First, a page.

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F. Pan, W.H. Swanson, M.W. Dul; Evaluation of the Cortical Pooling Model of Glaucomatous Defects . Invest. Ophthalmol. Vis. Sci. 2003;44(13):56.
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© ARVO (1962-2015); The Authors (2016-present)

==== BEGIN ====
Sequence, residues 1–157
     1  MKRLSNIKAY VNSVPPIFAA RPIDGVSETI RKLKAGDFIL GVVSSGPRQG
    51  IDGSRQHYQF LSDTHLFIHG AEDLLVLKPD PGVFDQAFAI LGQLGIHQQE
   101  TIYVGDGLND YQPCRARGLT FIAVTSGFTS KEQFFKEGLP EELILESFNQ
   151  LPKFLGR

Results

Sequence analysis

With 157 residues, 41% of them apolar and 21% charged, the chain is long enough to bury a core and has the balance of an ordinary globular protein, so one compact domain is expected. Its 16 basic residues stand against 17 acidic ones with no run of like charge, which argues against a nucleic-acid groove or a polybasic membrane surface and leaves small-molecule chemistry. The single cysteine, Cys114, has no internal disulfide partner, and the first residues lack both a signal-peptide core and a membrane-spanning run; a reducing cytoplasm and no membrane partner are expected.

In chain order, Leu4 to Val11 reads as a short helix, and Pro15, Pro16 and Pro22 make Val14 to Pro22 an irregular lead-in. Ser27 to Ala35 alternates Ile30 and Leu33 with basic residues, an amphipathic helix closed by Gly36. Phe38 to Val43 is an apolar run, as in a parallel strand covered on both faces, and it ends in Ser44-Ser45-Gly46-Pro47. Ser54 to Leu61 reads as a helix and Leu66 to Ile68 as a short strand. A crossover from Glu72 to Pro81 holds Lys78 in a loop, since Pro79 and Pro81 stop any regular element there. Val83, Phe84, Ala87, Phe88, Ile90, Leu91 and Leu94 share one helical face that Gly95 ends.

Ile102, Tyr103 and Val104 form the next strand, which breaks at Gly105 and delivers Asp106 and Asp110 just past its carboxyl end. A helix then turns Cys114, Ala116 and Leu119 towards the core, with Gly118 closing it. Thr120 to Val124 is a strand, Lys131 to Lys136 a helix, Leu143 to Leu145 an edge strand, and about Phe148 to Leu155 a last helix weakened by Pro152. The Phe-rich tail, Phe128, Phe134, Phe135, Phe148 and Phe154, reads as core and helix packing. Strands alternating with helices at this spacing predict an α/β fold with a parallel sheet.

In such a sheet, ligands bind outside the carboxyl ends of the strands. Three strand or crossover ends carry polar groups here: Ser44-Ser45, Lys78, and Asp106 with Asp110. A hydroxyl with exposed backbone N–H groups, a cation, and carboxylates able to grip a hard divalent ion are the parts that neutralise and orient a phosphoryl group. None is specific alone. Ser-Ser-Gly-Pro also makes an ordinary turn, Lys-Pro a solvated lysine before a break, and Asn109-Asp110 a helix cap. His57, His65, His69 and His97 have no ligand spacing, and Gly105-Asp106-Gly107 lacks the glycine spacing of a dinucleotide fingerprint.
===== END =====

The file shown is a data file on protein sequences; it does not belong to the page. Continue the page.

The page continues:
Purpose: A quantitative model of perimetry in glaucoma predicts that both low test-retest variability and good sensitivity to defect can be achieved with stimuli that maximize the number of ganglion cells whose responses are pooled by the cortical mechanisms which mediate visual thresholds. Here we evaluate predictions of the model. Methods: To maximize the number of ganglion cells whose responses are pooled by cortical mechanisms, two new types of stimuli were used: a 0.5 cycle/deg luminance Gabor stimulus and circular equiluminant chromatic (L-M) stimuli close in size to the critical area of the L-M mechanism. A standard stimulus (luminance increment 0.43° in diameter) was also used. Stimuli were displayed temporally as Gaussian pulses on a 21" monitor driven by a VSG2/5 video controller. The background was an equal-energy white subtending 27° by 21°. Background luminance was 50 cd/m2 for the Gabor and the chromatic stimuli, and 10 cd/m2 for the standard stimulus. Thresholds were measured at 8 locations in the visual field at 9.5°, 15° and 21° eccentricity. Nineteen patients with glaucoma and twenty age-similar normal observers were each tested twice within a 2-week period. Results: Contrast sensitivities of patients were transformed into depth of defect using normative data. Mean depth of defect was slightly lower for the chromatic stimuli but this was not statistically significant (F=2.54, p>0.08), and lower normal variability for the chromatic stimuli (F=2.73, p<0.05) actually resulted in more abnormal points for the chromatic stimuli than for the standard stimulus (Chi-square=73.3, p<0.0005). A one-way within-subjects ANOVA found a significant effect of stimulus on test-retest variability (F=5.54, p<0.005); Tukey’s HSD test showed variability was lower for the chromatic stimuli than for the standard stimulus (p<0.05). In areas with defects greater than 4dB, test-retest variability was significantly lower for the Gabor stimulus than for the standard stimulus (t=2.69, p<0.02). Conclusions: As predicted, the two new types of stimuli have advantages over the standard stimulus in that test-retest variability can be reduced, and at the same time sensitivity to defect can be maintained.
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